By: Brian O’Connor

The British Horseracing Authority has confirmed it is prepared to drug-test horses trained in Ireland before they race in some of the major flat meetings in Britain this year.

Testing was carried out by BHA personnel at the yards of both Willie Mullins and Gordon Elliott prior to the Cheltenham National Hunt festival earlier this month. All samples taken were negative.

Confirmation of pre-Cheltenham visits came amid reports of unhappiness at British racing’s ruling body in relation to levels of out-of-competition testing carried out here by the Irish Horseracing Regulatory Board.

That provoked a quick response by the BHA stressing it has total faith in Irish racing’s anti-doping system. It also stressed that testing outside its jurisdiction is part of a new out-of-competition anti-doping strategy in relation to all overseas entries lined up to run at Britain’s biggest fixtures.

On Sunday a BHA spokesman indicated that strategy will be applied to the flat as well. The QIPCO Guineas fixture in Newmarket begins on May 5th and is likely to feature a number of Irish-trained runners, particularly from Aidan O’Brien’s Ballydoyle team.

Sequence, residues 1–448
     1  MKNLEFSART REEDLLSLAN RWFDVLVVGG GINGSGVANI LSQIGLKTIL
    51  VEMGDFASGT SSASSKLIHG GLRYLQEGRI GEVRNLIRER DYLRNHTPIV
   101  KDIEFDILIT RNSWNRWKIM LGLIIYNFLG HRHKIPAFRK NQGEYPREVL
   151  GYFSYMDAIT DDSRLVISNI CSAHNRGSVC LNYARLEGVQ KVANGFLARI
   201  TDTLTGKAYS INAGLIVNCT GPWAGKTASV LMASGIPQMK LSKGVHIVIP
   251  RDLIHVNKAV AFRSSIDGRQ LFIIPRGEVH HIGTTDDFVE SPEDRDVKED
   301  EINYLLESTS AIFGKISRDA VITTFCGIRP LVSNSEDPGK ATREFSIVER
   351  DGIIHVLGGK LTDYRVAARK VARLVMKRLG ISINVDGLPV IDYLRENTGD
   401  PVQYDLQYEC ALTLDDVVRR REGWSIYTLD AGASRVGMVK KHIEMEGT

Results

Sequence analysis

There is also likely to be major Irish representation at the Royal Ascot festival in June.

“There is no reason at all why the same won’t apply. If a significant percentage of the potential population targeted at our major festivals are from a particular nation, and it makes logistical sense, we will look at it,” said spokesman, Robin Mounsey.

“With international runners, say from America, the horse either has to be in Britain two weeks beforehand to be tested here, or provision is made to test it there,” he added.

No problem

Mounsey stated he was unable to say for definite when or if testing will take place by BHA officials in Ireland but indicated that such testing isn’t technically required to be cleared with the IHRB beforehand.

“Our policy is not to say yes or no to where we might test. The entire point of a testing policy is that it has to be agile and unpredictable,” he said.

The Irish Racehorse Trainers Association has “no problem” with out-of-competition testing by the BHA here. However its chief executive, Michael Grassick, appeared uneasy at the prospect of BHA testers just turning up at a yard.

“We have no problem with it at all, as long as the Turf Club (IHRB) is notified and accompany them down. That would be good manners, and it would provide reassurance as well. I wouldn’t like the BHA to just turn up unannounced,” he said on Sunday.

The BHA has had the provision to test overseas horses since it introduced new equine anti-doping rules in 2015.